This Is 40
Judd Apatow’s latest comedy drama, spun off from his 2007 hit Knocked Up, is a long and extremely bumpy ride across the well-worn turf of the mid-life crisis. Funny only in fits and starts, it is likely to infuriate and entertain in equal measure - those with low patience thresholds need not apply. The increasingly vocal grumblings about whether Apatow should spend longer in the editing suite before releasing his films are not entirely without merit. Yet there’s fun to be had too, thanks to a pair of enjoyable lead performances and a sprinkling of comedic highlights which rubs shoulders (occasionally uneasily) with more serious-minded drama.
Pete (Paul Rudd) and Debbie (Leslie Mann, and Apatow’s real-life wife) are a couple on the brink of turning the big four zero. Pete is trying to give up cupcakes and and get healthier while trying to save his record label business from going under. Debbie is trying to find out who stole $12000 from her clothes store while trying to get to know her absent father (John Lithgow). This leads to some friction between the couple, and added to this stress are their two kids (played by, yes, Apatow’s two kids) who are constantly at each other’s throats. As Pete’s 40th birthday party ticks ever closer, will the family still be together by the time the big day arrives?
Apatow finds himself (not for the first time) accused of self-indulgence, and this is difficult to refute here. Leaving aside the fact that he cast his immediate family in almost all the main roles, there are too many extended scenes of tangential sub-plots which do little to advance the main story. I’m not sure there even is a main story: it’s more like a messy series of incidents and interludes, some of which work, some of which don’t; like a sketch show, but slower and with less comedy. This is not in itself a bad thing if it’s aimed at being a slice-of-life project, but Apatow’s reputation for more outrageous-style comedies like The 40 Year Old Virgin weighs against that.
While we’re on the subject, This Is 40 certainly lacks the memorable set-pieces that turned the latter film into a huge hit. Melissa McCarthy crops up in a brief role as an overly aggressive parent at the kids’ school in an attempt to inject some coarse humour into what is otherwise a quite lethargic storyline, but it’s a case of too little too late. The film gently snoozes through its protracted routines, trying to create dilemmas about parents or children or finances or friends, with co-stars like Megan Fox, Chris O’Dowd and John Lithgow occasionally turning up, not doing much and then going away again. Suffice it to say, if you’re expecting a riotous laugh-fest, think again.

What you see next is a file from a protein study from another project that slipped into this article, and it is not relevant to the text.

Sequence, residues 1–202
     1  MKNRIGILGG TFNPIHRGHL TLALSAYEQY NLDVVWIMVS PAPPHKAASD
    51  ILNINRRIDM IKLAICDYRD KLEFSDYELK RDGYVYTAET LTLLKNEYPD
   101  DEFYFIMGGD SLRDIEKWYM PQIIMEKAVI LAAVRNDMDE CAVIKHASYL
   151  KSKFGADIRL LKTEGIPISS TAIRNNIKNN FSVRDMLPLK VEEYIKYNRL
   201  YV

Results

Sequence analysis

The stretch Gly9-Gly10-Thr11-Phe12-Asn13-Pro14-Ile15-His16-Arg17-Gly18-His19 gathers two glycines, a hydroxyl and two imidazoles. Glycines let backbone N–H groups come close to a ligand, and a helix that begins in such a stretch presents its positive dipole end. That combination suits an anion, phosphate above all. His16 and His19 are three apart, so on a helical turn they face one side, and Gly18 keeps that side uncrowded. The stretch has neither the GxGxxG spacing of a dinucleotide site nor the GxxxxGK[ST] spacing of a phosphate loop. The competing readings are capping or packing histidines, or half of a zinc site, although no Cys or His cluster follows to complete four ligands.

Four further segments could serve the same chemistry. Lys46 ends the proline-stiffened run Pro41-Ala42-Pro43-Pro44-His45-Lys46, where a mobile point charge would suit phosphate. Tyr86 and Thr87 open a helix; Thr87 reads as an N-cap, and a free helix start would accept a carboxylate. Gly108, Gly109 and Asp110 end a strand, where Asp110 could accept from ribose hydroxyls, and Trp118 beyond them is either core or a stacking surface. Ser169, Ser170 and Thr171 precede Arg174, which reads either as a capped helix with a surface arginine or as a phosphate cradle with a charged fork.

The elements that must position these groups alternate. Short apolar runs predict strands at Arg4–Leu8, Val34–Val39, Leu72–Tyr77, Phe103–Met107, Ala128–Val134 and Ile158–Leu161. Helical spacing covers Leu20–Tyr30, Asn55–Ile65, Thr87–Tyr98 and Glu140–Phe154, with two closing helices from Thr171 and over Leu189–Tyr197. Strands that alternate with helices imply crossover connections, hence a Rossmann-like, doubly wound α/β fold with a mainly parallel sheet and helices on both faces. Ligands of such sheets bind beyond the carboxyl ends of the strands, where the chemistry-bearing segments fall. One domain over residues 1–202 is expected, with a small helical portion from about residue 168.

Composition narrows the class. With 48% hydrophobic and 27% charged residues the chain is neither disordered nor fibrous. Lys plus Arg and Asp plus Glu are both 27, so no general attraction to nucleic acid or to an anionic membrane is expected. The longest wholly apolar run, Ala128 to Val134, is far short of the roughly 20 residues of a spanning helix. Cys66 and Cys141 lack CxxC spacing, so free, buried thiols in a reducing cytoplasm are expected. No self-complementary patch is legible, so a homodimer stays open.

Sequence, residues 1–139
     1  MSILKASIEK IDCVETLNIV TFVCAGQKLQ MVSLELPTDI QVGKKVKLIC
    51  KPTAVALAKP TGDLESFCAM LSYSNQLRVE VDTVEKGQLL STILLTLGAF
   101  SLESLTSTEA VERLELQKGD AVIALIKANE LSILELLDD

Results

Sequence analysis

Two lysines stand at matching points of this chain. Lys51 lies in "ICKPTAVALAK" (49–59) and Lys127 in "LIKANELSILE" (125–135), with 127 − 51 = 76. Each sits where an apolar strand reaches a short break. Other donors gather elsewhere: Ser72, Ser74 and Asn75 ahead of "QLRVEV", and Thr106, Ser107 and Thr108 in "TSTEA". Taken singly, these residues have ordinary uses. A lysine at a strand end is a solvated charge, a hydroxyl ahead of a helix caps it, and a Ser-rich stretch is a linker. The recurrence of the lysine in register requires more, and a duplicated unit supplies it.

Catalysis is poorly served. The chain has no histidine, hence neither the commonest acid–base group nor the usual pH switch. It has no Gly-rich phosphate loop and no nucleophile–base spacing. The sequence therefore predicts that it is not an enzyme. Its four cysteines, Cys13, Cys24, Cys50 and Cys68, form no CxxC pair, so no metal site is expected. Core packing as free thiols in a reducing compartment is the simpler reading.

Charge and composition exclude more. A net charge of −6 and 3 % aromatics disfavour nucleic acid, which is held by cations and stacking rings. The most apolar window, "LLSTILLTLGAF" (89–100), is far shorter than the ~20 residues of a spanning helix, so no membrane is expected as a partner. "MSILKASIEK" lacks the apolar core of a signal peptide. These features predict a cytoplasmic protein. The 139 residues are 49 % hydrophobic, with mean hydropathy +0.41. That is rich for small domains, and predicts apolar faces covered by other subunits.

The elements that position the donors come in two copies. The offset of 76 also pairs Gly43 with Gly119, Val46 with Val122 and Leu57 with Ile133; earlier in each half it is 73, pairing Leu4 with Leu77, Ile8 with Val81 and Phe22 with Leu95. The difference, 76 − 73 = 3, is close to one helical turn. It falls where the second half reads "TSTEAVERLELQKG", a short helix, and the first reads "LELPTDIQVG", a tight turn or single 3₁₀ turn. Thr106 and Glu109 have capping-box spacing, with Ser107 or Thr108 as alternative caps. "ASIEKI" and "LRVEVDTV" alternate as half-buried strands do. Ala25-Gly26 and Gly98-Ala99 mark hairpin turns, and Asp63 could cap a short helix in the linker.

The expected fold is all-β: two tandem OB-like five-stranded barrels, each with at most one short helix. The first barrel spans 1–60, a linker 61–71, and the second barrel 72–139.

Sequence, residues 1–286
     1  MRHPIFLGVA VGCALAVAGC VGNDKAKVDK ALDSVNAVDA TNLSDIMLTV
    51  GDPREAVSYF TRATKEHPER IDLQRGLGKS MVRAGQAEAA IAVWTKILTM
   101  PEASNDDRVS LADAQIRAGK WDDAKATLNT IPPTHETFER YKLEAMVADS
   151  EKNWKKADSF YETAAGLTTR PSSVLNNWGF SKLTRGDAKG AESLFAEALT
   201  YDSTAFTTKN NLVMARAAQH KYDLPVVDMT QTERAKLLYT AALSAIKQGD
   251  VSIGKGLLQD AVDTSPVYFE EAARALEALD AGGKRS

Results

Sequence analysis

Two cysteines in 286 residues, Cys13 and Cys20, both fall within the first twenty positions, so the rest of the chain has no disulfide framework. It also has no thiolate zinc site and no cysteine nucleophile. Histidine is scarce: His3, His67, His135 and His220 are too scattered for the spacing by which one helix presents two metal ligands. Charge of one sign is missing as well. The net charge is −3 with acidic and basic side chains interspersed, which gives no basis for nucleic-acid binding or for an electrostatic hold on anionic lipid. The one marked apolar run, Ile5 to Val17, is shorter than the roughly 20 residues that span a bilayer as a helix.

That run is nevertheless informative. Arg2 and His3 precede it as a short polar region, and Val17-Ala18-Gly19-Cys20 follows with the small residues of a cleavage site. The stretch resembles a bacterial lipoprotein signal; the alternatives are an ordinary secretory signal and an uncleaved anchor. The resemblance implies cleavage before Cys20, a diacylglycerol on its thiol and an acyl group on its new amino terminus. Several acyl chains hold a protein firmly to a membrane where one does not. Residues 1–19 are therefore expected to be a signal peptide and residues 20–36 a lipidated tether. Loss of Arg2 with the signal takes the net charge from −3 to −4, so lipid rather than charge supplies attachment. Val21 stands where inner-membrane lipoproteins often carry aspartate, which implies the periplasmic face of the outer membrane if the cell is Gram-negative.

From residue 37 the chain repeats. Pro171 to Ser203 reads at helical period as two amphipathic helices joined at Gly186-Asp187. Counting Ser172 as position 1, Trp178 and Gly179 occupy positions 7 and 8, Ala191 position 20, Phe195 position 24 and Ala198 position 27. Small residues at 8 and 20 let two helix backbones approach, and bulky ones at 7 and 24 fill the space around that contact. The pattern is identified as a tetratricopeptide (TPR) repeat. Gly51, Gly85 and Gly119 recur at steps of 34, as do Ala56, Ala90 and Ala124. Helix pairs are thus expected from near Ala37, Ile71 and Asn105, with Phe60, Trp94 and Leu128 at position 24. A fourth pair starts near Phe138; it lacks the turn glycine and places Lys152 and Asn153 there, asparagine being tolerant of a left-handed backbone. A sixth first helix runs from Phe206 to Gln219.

So what does work? Chiefly it’s the lead performances from Rudd and Mann, who are both very likeable screen presences and convincingly convey the ups and downs of a relationship that’s hit a rough patch. This is especially remarkable given the fact that neither of them are particularly sympathetic, both being in desirable jobs and living in one of those ginormous homes in which Hollywood would have you believe everyone lives. The petty squabbling over each other’s annoying traits is familiar ground, but has an amusing snarkiness to it, played to the hilt by both stars - the highlight being a conversation about the ways they have dreamt of killing each other. Perhaps then the point of the film is that this is what being 40 is like: a bit of a mess, with ups and downs, but not much to get excited about? In which case, Apatow has illustrated his point exceedingly well.